Question and answer debates lack real value

With four weeks remaining in the campaigning season for the U.S. presidency, the candidates are gearing up for some of the biggest battles of their political careers.

The debates that the candidates participate in still play a major role in their chances to be elected.

Candidates are given an opportunity to confront the issues head on and to refute their opponents’ claims in a manner that is unseen in any other part of campaigning.

Candidates are given an opportunity to take a stand on a position and sway voters.

Unfortunately, these debates come across as stale or contrived as the candidates present prepackaged fluff in as many ways as possible without actually making a point.

The question, response and rebuttal debate format is notorious for feeding into this political masquerade.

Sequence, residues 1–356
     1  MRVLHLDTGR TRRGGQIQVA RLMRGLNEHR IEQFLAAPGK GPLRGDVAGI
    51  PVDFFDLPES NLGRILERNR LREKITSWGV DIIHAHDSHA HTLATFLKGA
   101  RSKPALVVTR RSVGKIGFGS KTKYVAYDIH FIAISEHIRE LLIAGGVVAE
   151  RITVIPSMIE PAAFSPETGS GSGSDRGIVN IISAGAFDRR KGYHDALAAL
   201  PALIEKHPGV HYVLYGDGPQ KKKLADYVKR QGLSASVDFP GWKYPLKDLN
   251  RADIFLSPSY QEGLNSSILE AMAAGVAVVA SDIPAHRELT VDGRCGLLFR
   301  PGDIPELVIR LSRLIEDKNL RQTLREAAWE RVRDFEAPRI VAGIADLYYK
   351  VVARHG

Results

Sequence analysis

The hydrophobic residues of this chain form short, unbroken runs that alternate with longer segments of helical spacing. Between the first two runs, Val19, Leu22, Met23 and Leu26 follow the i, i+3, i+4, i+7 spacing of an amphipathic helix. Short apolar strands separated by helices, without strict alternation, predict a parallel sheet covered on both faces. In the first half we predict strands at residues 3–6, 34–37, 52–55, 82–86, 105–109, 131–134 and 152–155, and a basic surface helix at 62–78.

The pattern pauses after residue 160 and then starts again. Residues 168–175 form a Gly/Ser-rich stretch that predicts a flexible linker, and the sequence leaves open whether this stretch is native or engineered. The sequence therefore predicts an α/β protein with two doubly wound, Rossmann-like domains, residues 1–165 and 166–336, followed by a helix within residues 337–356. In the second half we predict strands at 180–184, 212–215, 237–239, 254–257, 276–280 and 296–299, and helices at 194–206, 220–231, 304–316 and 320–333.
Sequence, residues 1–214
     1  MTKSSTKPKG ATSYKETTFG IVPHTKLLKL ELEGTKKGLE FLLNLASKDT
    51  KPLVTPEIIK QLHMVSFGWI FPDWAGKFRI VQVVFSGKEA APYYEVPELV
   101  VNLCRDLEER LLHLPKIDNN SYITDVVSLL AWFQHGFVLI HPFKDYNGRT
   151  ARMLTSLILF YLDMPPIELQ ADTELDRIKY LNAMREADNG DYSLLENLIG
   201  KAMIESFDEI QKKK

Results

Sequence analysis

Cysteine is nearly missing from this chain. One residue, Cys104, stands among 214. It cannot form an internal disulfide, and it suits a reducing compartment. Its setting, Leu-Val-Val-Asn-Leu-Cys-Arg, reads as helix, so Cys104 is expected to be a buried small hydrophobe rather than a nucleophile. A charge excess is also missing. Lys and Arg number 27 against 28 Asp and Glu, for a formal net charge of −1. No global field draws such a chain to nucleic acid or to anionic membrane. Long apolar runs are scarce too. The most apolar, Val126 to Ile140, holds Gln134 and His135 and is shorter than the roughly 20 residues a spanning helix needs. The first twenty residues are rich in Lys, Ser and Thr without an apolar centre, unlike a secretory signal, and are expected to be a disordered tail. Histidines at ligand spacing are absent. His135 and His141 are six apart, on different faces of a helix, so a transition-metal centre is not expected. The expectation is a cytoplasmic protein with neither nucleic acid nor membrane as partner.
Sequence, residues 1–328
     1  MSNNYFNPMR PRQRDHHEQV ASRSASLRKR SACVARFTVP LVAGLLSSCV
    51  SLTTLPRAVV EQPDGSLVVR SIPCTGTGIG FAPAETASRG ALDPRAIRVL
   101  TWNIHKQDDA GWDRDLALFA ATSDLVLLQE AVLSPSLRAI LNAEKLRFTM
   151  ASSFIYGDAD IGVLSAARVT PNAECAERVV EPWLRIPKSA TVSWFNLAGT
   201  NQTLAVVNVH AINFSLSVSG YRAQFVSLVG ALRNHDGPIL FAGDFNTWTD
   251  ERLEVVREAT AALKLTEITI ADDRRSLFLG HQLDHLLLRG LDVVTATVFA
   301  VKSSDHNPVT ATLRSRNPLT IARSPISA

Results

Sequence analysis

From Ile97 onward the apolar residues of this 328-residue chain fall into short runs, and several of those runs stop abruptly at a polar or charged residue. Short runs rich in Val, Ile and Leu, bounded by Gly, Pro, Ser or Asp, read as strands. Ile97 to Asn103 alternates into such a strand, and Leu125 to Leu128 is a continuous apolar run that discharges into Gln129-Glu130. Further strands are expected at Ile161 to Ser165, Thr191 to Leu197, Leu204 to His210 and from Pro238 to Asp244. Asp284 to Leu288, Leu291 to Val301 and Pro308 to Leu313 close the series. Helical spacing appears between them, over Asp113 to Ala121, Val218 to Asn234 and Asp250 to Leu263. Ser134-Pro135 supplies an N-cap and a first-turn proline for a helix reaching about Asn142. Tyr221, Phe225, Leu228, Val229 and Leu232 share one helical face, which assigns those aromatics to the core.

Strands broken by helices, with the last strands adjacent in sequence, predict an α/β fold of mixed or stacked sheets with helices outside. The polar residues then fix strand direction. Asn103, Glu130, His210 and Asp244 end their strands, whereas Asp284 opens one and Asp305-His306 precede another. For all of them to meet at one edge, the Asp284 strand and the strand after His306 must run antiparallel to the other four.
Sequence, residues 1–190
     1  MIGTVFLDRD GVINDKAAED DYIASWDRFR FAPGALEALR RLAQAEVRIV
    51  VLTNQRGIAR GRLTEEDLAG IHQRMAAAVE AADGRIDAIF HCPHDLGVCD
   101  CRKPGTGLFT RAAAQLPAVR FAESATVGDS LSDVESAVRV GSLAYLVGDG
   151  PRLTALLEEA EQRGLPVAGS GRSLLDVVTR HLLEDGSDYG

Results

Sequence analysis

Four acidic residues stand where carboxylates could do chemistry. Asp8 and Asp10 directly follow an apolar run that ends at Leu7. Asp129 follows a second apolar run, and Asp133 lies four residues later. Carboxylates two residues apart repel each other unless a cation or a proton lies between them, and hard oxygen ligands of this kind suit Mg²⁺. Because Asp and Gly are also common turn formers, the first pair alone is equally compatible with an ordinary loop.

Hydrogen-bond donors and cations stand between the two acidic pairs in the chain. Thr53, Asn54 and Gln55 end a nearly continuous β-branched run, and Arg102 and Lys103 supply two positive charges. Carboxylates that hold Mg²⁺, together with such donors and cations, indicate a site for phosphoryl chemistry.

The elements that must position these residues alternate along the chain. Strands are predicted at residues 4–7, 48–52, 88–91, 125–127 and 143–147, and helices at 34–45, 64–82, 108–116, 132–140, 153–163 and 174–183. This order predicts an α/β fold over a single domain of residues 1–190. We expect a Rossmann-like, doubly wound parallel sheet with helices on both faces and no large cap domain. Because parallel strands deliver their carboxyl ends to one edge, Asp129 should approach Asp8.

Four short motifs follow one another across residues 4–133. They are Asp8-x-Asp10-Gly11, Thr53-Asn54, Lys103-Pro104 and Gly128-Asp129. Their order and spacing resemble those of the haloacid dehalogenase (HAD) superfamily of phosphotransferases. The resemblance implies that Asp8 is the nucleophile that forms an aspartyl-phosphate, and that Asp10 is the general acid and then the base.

These debates have their place in presenting the candidates’ positions on the issues of the moment. But to voters that have been bombarded with this information for almost a year, there is nothing to gain from these face-offs.

When debates are held in a town hall format allowing audience members to ask the candidates questions, the debates truly become effective and worth the airtime that they occupy. These exchanges allow the citizens to truly voice their concerns and the candidates to stray away from their usual prepared responses.

These are the times that candidates can truly win voters to their cause and honestly allow people to see them as human, vulnerable and honest. There is room for multiple debate formats, but only one truly makes a difference in the minds of the undecided voter.

It is truly unfortunate that the presidential candidates only agreed to one town hall formatted debate. A golden opportunity has been lost for both decided and undecided voters to gain something new and truly appealing from the candidates who want so desperately to lead them for the next four years.